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American & European Paintings - September 2008
 
 
painting
 
Benjamin Ferris Gilman
(American 1856–1934)
Roses, 1889
Oil on canvas, 22 1/8 × 13 inches
Signed and dated at lower right: “B. F. Gilman 89”
RS 5608


Benjamin Ferris Gilman was a native of New York whose mother, Julia Ferris Gilman (died 1923), had taught elementary drawing classes at the Philadelphia School of Design for Women (now the Moore College of Art and Design). He enrolled at the Pennsylvania Academy of the Fine Arts in Philadelphia in 1877, where he met his future wife, Claudine Scott (1853–1901). They married in 1878 and went to Paris to study art, where Gilman attended the Ecole des Beaux-Arts and exhibited at the Paris Salon between 1880 and 1882. The Gilmans returned to Philadelphia by November 1882, began to exhibit regularly at the Pennsylvania Academy of the Fine Arts, and became significant figures in the history of late nineteenth-century Philadelphia still-life painting.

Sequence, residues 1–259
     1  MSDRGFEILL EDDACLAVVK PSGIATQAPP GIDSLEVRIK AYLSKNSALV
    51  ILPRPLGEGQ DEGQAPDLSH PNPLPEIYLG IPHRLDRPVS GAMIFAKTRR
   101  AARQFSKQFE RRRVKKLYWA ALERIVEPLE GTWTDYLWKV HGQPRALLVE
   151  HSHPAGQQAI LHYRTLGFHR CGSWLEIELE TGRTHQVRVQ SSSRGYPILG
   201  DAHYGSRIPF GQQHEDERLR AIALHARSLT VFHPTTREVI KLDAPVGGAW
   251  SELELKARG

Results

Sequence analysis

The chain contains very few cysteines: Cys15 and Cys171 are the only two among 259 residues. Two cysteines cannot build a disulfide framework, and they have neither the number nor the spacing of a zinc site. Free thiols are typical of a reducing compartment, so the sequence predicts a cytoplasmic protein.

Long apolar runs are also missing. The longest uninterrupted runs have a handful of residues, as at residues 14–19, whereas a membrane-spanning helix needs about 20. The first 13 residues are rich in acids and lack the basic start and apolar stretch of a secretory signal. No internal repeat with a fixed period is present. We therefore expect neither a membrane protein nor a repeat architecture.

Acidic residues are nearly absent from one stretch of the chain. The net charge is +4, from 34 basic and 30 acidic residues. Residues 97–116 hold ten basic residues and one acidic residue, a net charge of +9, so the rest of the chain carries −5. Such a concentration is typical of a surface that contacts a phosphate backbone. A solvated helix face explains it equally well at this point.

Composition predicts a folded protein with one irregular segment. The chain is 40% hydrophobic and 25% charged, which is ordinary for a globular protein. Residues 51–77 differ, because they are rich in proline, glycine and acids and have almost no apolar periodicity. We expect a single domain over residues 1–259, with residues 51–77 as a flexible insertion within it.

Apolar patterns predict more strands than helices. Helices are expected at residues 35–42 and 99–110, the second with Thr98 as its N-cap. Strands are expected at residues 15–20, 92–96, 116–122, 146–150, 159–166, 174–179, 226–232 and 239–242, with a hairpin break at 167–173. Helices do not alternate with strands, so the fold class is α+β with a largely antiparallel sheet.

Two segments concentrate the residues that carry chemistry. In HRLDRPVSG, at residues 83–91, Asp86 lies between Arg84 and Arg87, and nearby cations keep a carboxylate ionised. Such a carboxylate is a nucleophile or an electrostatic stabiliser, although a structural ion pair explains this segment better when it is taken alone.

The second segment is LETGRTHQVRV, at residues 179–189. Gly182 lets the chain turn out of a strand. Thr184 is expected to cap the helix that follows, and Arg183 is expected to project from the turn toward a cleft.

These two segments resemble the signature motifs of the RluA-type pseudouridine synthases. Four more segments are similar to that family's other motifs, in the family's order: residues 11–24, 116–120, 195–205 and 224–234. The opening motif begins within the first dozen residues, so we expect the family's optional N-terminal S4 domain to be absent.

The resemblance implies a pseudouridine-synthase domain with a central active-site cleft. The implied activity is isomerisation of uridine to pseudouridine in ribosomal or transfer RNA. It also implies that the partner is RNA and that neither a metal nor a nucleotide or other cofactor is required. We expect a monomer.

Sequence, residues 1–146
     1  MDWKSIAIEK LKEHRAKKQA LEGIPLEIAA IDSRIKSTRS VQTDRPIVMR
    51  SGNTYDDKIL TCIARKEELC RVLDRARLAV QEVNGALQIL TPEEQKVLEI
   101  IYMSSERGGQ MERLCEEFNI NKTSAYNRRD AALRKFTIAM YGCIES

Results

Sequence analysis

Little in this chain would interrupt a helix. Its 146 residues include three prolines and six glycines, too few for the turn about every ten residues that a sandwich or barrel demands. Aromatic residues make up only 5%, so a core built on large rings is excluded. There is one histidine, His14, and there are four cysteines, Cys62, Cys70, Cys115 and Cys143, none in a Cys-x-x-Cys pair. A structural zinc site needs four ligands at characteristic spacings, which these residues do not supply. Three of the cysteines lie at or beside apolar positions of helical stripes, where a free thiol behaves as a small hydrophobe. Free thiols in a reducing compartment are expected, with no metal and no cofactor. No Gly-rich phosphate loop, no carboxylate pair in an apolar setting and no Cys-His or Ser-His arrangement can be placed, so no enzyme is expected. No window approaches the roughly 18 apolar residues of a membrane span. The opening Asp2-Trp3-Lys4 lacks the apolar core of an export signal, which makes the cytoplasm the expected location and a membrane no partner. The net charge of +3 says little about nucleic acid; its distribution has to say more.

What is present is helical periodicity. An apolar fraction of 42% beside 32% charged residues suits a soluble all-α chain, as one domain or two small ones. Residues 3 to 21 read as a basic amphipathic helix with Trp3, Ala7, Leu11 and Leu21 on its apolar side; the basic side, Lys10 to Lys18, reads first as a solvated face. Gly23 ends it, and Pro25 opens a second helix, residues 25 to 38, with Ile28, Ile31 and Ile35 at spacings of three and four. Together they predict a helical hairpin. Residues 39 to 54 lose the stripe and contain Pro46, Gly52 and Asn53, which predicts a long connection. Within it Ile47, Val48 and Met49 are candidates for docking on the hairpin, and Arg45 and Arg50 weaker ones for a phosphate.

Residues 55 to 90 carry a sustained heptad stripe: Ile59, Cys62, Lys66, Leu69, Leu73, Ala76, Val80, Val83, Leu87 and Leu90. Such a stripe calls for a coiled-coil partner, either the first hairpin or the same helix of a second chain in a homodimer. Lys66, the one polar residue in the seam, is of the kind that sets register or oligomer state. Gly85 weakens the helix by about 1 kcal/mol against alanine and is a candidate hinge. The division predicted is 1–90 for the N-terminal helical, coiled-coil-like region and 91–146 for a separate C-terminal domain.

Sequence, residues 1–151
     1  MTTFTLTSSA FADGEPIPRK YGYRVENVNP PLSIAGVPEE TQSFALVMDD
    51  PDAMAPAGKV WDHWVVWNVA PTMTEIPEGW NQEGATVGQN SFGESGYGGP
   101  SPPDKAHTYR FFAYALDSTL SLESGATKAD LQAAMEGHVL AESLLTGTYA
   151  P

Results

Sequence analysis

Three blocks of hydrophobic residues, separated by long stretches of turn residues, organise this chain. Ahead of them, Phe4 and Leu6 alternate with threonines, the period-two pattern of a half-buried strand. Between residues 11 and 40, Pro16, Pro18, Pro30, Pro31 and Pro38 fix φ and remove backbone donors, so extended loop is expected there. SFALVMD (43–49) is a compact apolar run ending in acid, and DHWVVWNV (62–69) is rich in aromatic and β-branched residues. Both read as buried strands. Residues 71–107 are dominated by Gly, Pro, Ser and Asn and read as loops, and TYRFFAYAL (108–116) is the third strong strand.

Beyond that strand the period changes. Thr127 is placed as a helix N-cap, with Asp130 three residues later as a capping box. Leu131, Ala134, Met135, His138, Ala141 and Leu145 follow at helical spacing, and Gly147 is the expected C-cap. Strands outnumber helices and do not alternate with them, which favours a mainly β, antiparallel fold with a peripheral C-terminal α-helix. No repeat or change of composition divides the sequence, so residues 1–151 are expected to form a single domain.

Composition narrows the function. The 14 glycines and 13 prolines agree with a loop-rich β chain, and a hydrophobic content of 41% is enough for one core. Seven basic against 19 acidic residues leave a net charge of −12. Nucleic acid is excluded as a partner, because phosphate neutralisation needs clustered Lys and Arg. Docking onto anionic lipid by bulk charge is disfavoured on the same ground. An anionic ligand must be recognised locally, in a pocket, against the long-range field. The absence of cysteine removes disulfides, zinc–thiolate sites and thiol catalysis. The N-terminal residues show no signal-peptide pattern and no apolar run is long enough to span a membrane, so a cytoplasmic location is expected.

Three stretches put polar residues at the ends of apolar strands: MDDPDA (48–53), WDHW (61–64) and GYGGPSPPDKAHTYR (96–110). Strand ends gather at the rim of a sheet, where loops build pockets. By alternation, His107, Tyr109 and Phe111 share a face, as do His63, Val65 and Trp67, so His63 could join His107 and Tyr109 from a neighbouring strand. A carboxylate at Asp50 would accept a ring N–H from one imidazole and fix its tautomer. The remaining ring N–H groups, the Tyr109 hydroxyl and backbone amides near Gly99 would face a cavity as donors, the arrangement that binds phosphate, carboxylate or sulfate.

Gilman specialized in painting floral still-life compositions such as this because Philadelphia was an active horticultural center during the Victorian era when flowers were popular subjects that were thought to communicate various moral, religious, and sentimental messages.


  


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